It hasn't been pretty, but given their nine-game winning streak it'd be hard to bet against them.
By JOHN ROMANO
© St. Petersburg Times, published January 9, 2001
OWINGS MILLS, Md. -- If the Ravens do not make it to Super Bowl XXXV, it will not be for a lack of preparation. Or confidence.
More than a month ago, when Baltimore was barely on the post-season radar screen, coach Brian Billick drew up a daily schedule that anticipated every hour of work between the end of the regular season and the start of the Super Bowl on Jan.28 at Raymond James Stadium.
Perhaps that makes Billick anal retentive. Surely it makes him a little cocky. And, maybe, it makes him smarter than the rest of the world because he recognized this team had the talent to reach the AFC Championship Game.
"We're pretty good. We're good enough to be where we are right now," Billick said. "And we're never going to apologize for who we are and what we are. We've made it this far because we have character and chemistry."
What they do not have is an offense, although that has not stopped them from beating Denver and Tennessee in the first two rounds of the playoffs.
It does, however, explain why the Ravens went virtually unnoticed before strutting their way past Tennessee at Adelphia Coliseum on Sunday. Few people expected such an offensively challenged team to reach the NFL's final four.
As a former offensive coordinator, even Billick is prone to cringe at the lack of firepower in Baltimore's offensive huddle. But as a coach, he readily embraces this bland, by-the-numbers offense that is willing to play second fiddle to the NFL's best defense.
The Ravens were beaten in nearly every statistical category by the Titans on Sunday. They gained fewer yards on the ground, they gained fewer yards in the air, they had fewer first downs and they held the ball less than half as long as Tennessee. The Ravens matched the Titans offense with 10 points, but Baltimore won with touchdowns on defense and special teams.
"That is who we are, so get used to it. That is our personality. The dark side has sucked me in," Billick said. "You can take your numbers and your projections and throw them out because they don't apply to us."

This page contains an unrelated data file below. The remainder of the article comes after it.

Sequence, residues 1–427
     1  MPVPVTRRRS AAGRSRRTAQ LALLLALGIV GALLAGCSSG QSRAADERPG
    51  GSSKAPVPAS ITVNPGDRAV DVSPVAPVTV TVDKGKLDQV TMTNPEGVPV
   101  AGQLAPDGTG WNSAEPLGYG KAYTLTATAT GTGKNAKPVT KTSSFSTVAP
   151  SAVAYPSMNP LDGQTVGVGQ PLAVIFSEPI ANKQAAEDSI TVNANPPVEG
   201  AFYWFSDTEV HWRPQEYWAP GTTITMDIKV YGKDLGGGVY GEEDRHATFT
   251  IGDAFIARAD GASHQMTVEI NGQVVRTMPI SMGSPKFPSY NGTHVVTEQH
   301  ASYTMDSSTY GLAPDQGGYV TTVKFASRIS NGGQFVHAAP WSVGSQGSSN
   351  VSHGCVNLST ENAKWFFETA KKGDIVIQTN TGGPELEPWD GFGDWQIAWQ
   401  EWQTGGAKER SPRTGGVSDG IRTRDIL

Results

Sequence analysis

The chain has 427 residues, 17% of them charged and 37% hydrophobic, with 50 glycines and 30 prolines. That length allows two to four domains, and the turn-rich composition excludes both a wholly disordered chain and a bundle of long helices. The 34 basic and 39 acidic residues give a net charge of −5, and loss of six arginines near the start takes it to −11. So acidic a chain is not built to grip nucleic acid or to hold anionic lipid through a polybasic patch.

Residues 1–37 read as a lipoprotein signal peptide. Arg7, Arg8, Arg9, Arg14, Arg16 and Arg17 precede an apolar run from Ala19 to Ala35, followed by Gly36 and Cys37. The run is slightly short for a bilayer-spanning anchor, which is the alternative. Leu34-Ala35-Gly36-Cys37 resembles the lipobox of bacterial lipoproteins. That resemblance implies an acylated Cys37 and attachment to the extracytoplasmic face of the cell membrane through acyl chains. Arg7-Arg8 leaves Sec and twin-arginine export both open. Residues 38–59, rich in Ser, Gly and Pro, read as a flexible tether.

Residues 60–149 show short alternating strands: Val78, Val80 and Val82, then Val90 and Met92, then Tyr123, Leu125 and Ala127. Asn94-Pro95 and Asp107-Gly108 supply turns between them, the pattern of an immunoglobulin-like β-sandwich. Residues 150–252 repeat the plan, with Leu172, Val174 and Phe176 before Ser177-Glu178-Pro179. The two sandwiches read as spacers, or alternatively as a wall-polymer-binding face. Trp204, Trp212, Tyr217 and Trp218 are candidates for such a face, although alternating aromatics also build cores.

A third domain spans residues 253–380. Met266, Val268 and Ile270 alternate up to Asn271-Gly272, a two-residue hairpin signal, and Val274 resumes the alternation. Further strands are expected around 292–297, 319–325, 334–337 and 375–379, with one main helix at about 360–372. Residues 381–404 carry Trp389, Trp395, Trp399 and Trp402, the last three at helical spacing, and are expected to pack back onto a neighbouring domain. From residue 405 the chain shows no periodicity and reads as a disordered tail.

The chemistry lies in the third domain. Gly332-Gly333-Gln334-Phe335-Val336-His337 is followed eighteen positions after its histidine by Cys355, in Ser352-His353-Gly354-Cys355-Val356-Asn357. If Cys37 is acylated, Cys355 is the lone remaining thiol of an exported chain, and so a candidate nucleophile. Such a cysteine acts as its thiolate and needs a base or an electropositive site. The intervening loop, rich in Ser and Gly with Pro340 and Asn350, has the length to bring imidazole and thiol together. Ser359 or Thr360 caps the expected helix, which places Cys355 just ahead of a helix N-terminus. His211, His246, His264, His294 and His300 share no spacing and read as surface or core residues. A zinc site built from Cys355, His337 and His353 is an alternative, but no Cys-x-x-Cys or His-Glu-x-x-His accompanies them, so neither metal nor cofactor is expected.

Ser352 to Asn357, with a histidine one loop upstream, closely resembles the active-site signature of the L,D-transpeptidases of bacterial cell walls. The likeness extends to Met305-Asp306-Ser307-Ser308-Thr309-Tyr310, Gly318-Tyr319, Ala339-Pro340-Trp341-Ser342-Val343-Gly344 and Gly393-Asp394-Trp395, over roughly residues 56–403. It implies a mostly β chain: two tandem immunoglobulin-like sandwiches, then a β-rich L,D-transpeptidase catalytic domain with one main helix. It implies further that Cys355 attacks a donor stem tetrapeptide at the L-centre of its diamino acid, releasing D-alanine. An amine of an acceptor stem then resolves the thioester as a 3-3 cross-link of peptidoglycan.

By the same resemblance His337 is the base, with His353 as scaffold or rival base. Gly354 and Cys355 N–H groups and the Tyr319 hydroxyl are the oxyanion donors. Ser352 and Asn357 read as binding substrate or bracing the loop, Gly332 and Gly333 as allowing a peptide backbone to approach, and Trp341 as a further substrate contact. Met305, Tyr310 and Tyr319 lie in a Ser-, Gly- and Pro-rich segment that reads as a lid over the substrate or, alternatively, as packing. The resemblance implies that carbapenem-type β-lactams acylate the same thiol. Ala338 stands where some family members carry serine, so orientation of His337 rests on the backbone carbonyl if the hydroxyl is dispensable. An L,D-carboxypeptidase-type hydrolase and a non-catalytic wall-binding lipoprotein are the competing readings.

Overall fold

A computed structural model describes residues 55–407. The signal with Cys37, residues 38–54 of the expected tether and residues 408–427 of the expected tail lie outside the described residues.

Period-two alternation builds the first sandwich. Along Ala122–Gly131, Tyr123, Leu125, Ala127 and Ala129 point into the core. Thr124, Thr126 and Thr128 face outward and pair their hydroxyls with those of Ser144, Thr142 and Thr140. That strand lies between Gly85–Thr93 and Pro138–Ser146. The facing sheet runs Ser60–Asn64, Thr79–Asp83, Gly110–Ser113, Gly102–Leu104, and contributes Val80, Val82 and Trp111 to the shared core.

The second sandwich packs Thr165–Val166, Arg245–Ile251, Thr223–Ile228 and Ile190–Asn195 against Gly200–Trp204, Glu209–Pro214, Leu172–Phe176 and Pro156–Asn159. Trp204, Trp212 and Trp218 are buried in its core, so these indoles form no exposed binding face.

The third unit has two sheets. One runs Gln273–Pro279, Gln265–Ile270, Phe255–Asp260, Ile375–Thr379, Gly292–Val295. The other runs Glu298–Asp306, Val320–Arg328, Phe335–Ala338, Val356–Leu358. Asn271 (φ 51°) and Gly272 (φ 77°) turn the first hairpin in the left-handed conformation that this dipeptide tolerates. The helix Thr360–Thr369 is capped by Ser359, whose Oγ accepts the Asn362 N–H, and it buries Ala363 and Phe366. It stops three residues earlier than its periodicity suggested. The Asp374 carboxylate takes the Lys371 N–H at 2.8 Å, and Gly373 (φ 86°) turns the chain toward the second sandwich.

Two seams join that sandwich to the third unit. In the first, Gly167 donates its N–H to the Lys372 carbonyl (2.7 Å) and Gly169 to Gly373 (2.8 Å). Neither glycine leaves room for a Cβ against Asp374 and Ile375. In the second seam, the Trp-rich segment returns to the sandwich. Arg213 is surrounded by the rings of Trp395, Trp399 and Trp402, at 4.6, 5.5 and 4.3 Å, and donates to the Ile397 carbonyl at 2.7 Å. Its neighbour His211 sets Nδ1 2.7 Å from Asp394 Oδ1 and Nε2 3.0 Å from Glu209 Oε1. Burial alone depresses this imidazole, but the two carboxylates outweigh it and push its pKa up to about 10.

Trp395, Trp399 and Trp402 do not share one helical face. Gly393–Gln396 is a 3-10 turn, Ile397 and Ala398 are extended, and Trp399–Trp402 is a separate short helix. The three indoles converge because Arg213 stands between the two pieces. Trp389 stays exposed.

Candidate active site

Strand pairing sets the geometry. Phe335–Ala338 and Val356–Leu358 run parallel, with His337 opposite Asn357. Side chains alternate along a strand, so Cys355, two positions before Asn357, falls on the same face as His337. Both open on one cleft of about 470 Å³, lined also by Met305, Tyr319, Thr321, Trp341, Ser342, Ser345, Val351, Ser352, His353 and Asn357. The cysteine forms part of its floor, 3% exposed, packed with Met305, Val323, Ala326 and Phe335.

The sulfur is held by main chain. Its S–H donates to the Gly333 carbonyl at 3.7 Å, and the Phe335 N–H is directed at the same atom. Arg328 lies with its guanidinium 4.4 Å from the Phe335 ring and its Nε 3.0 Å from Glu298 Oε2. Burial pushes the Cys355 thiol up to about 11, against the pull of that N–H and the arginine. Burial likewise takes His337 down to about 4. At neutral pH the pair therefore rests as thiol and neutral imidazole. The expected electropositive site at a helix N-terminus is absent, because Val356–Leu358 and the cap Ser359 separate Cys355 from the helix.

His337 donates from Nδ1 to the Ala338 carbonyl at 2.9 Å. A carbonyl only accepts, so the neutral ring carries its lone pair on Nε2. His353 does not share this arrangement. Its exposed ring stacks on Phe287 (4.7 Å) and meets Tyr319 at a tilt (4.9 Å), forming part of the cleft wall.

It seems a lot of the normal rules do not apply to the Ravens. They also have ignored NFL protocol when it comes to mouthing off before a game.
Annoyed by what they perceive to be a lack of respect, the Ravens have loudly announced their intentions the past two weeks. The players say it is not trash talking, merely confidence.
"People don't have any idea of what we've been through the last three or four years," linebacker Jamie Sharper said. "We've gone through a lot to get here. We're not talking trash, we're just saying what we feel."
Billick also disputes the notion that the Ravens have been disrespectful of opponents. He acknowledges regret over Chris McAlister's comments last week -- the cornerback suggested Tennessee running back Eddie George was afraid to take a hit -- but said all the other talk has been boasts and not rips.
"If you listen to the comments, it is just showing confidence in their abilities," Billick said. "It's creating an us-against-the-world mentality that is good for a team, even if you have to fabricate a little of it to bring the team closer together."
The odds say the Ravens will not be able to do it again.
Not only are they facing a more balanced Oakland team, they are facing a team that had a bye week followed by an easy victory against Miami. The Ravens, meanwhile, are playing their third playoff game in as many weeks and their second on the road. Not to mention a cross-country trip.
Every indicator points to a Baltimore loss, except for the fact that the Ravens have won nine straight games with this same outfit.
"I can't explain how we win games and I know you can't either," Billick said. "But it's fun trying."
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